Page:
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Hello. Businesses stop donations to members of Congress who supported overturning election results.
Big corporations and their lobbyists usually try to avoid disorderly political battles. Companies prefer to work behind the scenes, donating money to both political parties and quietly influencing tax policy, spending and regulation.
But President Trump’s efforts to reverse the presidential election result – and the violent attack on Congress by his supporters – have created a dilemma for many businesses. A growing number have decided they weren’t, at least for now, willing to back members of Congress who backed Trump’s efforts to change the election outcome and promoted lies about voter fraud.
Over the weekend, several large companies – Marriott, Blue Cross Blue Shield and Commerce Bancshares – announced a donation suspension to members of Congress who voted against voter certification. Yesterday the list expanded to Amazon, AT&T, Comcast, Airbnb, Mastercard, Verizon and Dow, the chemical company. Hallmark even demanded his money from two of the senators opposed to certification, Josh Hawley and Roger Marshall.
In the Senate, the temporary donation ban will also affect Rick Scott of Florida, Ted Cruz of Texas and a few other members. In the house, the group includes more than half of the Republican caucus, including its two main leaders, Kevin McCarthy and Steve Scalise.
“We have to create a certain level of cost”, Thomas glocer, a member of the board of directors of Morgan Stanley and Merck, told the Wall Street Journal. “Money is the key.”
The National Manufacturers Association, long one of the most conservative business lobby groups, has been particularly harsh. he called Republicans who “cheered” Trump on his “disgusting” effort to overthrow the election, which he said had “ignited a violent anger”. The association added: “This is sedition and should be treated as such.”
Yet many large companies have not announced any change. (And other companies, like Goldman Sachs and parent company Google, have announced a hiatus on all political donations – a measure that appears designed to prevent public criticism while not angering politicians who support attempted voter fraud.)
McDonald’s and the tobacco company Altria, which are part Top 20 McCarthy Donors, the Republican House leader, did not announce the end of donations to any member of Congress. Bank of America (a major donor to Scott), although he said he would “reconsider his decision-making”.
Well-connected law firm Squire Patton Boggs also hasn’t announced any policy changes. He has given to Paul Gosar, a member of the Arizona House who helped promote the rally on January 6 which turned violent, Tweeter “#FightForTrump” and “The time has come. Stay on the line.”
What’s the bottom line? I asked Andrew Ross Sorkin, the Times columnist who spent two decades covering business leaders, and he said the ads were “temporary defensive measures.” The real question was whether, in six months, companies would resume donating to politicians who supported overturning a presidential election.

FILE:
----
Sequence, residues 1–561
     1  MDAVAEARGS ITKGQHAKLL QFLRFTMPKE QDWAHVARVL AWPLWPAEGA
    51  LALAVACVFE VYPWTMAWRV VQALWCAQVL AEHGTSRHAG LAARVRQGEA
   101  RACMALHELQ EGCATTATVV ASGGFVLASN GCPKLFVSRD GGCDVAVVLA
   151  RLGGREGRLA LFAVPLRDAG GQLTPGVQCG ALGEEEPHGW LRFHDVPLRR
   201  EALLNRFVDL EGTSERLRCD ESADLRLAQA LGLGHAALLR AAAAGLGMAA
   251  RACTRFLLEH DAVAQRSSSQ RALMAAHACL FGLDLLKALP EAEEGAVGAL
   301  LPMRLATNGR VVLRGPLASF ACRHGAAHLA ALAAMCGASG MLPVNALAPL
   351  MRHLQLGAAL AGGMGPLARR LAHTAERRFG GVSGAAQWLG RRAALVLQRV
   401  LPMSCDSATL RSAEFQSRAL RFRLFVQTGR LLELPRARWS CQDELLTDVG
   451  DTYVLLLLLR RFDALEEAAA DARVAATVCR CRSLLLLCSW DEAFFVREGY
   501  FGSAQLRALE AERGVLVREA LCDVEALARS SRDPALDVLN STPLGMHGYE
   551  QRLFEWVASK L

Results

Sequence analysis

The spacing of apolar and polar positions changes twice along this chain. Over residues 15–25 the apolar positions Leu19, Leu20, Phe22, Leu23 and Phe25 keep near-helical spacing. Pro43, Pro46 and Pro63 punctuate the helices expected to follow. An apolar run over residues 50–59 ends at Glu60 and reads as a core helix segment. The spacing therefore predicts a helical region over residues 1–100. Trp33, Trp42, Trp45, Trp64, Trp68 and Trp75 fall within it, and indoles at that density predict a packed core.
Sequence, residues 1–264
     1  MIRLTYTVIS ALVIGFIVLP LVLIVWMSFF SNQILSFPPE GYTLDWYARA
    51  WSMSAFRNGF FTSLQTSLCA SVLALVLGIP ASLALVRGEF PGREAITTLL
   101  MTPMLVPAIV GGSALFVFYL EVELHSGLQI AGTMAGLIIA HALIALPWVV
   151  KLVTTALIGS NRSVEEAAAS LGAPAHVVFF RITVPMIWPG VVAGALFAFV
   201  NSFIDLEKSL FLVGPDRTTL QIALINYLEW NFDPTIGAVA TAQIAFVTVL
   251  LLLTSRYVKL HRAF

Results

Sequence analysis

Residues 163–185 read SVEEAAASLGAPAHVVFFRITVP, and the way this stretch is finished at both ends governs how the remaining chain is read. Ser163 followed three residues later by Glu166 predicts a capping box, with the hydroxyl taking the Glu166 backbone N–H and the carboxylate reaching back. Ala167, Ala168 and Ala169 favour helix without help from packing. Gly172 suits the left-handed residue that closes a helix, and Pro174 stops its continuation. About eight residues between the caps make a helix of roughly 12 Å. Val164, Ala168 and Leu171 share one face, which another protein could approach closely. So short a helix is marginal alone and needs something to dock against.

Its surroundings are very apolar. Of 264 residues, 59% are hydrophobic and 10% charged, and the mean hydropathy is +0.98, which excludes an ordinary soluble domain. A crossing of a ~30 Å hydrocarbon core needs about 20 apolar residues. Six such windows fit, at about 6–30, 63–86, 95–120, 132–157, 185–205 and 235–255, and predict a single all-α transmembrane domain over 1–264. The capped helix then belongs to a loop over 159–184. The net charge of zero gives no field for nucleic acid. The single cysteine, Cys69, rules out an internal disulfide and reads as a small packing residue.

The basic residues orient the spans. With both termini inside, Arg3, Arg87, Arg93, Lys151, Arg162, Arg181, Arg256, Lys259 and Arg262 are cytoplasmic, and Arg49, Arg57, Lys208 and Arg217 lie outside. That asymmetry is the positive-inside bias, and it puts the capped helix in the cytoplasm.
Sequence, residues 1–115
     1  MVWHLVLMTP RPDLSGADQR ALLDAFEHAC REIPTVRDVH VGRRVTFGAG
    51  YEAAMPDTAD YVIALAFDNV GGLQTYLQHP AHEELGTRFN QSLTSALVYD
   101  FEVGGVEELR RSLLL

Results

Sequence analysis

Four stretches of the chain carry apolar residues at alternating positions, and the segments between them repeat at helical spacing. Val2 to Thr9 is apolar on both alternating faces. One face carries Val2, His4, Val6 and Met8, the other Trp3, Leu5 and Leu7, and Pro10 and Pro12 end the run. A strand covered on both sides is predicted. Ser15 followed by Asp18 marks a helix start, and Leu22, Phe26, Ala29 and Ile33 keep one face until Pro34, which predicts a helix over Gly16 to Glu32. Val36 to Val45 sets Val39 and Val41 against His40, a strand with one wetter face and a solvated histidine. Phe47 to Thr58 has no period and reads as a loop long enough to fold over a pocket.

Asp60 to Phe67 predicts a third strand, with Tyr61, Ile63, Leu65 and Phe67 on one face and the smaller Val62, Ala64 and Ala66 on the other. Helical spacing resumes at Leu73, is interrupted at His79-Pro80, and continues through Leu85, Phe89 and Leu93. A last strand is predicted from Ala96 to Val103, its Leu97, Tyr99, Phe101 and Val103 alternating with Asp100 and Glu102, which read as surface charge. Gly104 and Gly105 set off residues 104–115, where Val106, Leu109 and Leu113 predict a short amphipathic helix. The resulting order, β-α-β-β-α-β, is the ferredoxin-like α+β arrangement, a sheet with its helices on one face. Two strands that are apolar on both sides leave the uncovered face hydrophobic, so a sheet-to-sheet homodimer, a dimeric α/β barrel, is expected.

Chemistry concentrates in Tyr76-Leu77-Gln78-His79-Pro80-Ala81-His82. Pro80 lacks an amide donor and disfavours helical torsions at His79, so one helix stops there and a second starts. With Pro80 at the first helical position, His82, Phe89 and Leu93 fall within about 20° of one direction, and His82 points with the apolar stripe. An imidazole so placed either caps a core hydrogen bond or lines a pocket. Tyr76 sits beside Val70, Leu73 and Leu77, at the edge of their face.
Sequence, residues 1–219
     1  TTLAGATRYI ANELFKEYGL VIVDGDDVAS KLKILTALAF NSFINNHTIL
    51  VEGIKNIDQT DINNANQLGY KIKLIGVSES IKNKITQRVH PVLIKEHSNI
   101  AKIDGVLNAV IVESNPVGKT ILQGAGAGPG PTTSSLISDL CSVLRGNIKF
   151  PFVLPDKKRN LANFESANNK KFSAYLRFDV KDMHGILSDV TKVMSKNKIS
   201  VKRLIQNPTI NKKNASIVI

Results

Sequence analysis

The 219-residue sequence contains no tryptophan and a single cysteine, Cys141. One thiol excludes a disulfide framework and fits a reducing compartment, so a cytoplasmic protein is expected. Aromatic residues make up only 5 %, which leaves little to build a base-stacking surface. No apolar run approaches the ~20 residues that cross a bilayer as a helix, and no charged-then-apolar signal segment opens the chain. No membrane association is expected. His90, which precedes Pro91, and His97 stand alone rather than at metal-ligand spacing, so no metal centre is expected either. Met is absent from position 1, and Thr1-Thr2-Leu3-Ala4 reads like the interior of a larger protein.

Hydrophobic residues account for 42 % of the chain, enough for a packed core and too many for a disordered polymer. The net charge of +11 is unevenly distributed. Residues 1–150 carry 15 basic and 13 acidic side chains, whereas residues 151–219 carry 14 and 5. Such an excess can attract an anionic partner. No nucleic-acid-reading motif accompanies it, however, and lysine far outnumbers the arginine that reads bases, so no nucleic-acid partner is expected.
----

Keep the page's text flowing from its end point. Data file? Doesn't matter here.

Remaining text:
For more, read Andrew’s latest column, which pleads for a permanent end to corporate political donations.
(Following the publication of this newsletter, Squire Patton Boggs announced that he was suspending donations to all politicians, whether or not they support the overturning of the election result.)
THE LAST NEWS
A morning reading: Visit the Roman Emperor Caligula’s pleasure garden, where frescoes and peacock bones tell extraordinary stories.
From the review: It is in the long term best interests of Republicans to impeach Trump, Bret stephens written. Michelle goldberg argues that while social media companies were right to ban Trump, they are wielding too much power.
Lives lived: Viewers met Pat Loud in 1973 as a loving, loud, spiritual, resilient, and at times angry and hurtful matriarch at the center of what is now considered the first reality TV show: “An American Family” on PBS. She died at the age of 94.
ARTS AND IDEAS
What Comey says now – and what he doesn’t
Reviews of James Comey’s new memoirs, “Save justice”, are in it, and they mixed. In The Times, author Joe Klein calls it “a light and repetitive book, but not insignificant.” The book comes at the right time, with its central emphasis on “the national descent of strict factual truth,” Klein writes.
Fifth Jurecic, in the Washington Post, says the book is both an exploration of the values Trump tried to pervert and an explanation of the importance of those values. The result, she writes, is “more of a user’s manual for the court system” than a brief.
Among the book’s biggest drawbacks: Comey’s lack of introspection on the Hillary Clinton email affair in 2016. He refuses to acknowledge the mistake or engage in the harshest criticisms of his decision to publish the investigation, against the policy of the Department of Justice. All he will admit, as Klein writes, are “sins of honesty.”